Man Who Claimed Betting System Was Fool Proof Defrauded AU$1.2m From Clients

  • Michael Pryde claimed his algorithm would generate guaranteed profits
  • He started borrowing from friends and family to try to hide the big losses
  • The 32-year-old won’t spend any time in prison after showing remorse
Person sports betting on phone and laptop
A Sydney man defrauded AU$1.2m (US$788,980) from investors after claiming that his sports betting system was foolproof and was guaranteed to generate big profits. [Image:]

Promising the sky

Many people have thought over the years that they created a foolproof way to beat the house, whether through casino games like blackjack or placing sports bets. One man in Sydney defrauded AU$1.2m (US$788,980) from 20 people who invested in his “Simply the Bets” wagering system.

believed his algorithm would help him beat sportsbooks

Michael Pryde believed his algorithm would help him beat sportsbooks when placing bets on basketball, baseball, golf, and horse racing. The 32-year-old guaranteed that his system was foolproof and would generate “big long-term profits.” Just like any scheme that sounds too good to be true, Pryde’s master plan ultimately fell apart.

The inevitable spiral

Pryde would place wagers and keep a 20% cut of any profits, which led to him earning about AU$320,000 (US$210,395) and giving back AU$2.4m (US$1.6m) to participants between August 2018 and January 2023 when the system initially worked.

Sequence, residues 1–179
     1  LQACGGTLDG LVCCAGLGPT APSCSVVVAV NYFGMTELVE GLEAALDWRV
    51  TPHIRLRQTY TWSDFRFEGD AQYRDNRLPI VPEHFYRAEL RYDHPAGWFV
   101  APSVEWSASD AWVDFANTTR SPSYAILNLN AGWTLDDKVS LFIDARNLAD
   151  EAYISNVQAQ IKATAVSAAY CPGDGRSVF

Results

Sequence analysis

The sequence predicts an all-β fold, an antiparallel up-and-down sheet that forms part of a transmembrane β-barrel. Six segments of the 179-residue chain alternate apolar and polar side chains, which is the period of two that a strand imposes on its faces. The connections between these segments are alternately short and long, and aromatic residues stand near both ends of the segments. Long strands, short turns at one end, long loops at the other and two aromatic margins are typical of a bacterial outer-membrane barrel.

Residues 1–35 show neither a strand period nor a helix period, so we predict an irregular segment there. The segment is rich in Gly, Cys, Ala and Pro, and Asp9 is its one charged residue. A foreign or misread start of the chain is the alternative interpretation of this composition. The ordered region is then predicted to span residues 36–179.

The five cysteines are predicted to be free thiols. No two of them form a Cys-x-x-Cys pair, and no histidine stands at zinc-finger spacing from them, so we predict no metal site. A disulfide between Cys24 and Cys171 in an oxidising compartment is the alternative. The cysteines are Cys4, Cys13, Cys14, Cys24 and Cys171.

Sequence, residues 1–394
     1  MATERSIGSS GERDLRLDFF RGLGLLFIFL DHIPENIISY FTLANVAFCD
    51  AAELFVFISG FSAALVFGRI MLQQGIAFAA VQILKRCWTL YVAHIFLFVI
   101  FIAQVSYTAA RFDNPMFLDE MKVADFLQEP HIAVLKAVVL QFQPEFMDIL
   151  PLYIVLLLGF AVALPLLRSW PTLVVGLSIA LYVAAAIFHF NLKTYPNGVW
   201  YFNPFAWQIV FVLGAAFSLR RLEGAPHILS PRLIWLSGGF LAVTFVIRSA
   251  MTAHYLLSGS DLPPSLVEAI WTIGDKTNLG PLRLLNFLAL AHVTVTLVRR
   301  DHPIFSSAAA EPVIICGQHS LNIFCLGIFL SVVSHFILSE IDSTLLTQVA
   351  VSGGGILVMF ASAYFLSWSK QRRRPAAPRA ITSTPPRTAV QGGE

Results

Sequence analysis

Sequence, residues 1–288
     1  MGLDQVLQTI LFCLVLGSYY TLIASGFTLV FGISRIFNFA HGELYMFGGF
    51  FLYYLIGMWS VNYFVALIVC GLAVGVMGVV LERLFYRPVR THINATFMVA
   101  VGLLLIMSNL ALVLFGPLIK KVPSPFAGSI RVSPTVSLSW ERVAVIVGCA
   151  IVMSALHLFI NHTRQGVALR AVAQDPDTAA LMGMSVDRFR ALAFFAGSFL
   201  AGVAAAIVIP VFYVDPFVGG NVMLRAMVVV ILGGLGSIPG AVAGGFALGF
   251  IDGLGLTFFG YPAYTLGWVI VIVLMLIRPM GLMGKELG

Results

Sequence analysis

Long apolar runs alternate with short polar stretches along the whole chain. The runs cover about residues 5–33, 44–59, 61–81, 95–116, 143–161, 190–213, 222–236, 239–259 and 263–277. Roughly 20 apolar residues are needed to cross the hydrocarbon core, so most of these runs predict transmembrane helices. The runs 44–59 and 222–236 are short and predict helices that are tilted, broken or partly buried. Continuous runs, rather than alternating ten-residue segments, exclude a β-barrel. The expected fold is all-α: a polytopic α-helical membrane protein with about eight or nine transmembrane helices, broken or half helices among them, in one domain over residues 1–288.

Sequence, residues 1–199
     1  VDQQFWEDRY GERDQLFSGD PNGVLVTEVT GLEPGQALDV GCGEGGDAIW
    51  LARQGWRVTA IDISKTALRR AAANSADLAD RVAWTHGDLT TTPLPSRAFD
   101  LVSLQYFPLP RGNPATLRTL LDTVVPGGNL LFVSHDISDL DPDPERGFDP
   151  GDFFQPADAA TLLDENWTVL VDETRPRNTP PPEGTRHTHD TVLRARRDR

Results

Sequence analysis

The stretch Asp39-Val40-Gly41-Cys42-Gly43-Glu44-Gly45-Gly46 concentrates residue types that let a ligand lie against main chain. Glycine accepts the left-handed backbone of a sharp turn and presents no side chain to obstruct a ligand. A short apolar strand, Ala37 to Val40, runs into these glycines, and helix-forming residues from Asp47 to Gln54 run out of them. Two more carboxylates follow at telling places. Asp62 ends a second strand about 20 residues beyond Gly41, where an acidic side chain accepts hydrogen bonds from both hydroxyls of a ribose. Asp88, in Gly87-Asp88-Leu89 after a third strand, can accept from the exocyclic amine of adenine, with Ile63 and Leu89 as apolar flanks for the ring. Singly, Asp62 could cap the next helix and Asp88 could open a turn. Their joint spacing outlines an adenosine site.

It was when a losing streak began that he strayed from the plan and made more erratic decisions. That’s when he started hitting up family members and friends to get money to try to cover the losses of earlier clients.

Magistrate Scott Nash explained during the hearing in the Downing Centre Local Court that by taking this money, the defendant’s “motive was to try and repair, albeit deceptively and dishonestly, the damage to the business caused by the hemorrhaging losses.”

As the walls narrowed in on Pryde, he tried to buy himself some time to avoid bankruptcy by editing a bank statement to try to show that he had a bigger balance. His plan was to make enough money gambling to eventually recoup the losses.

No prison sentence

Pryde is facing the consequences for his actions, pleading guilty in March to a deception-related charge and admitting to trying to gain a financial advantage by using a false document.

Police found a note on Pryde’s phone from July 2022 in which he effectively admitted to running a Ponzi scheme by bringing on new clients as a way to recoup the money for existing ones. He acknowledged in the message that he was fully aware that he was engaging in both illegal and unethical behavior.

the defendant has shown remorse and a genuine willingness to repay the money

Magistrate Nash believes that the defendant has shown sufficient remorse and a genuine willingness to repay the money he took from victims. He avoided prison time as the magistrate believed that would harm his efforts to rehabilitate his gambling issues and hurt his efforts to reintegrate into society.

Pryde must complete 202 hours of community service and undergo mental health treatment for two years. The court also requires him to pay AU$100,000 (US$65,748) to the victims, the maximum allowable through the local court system.

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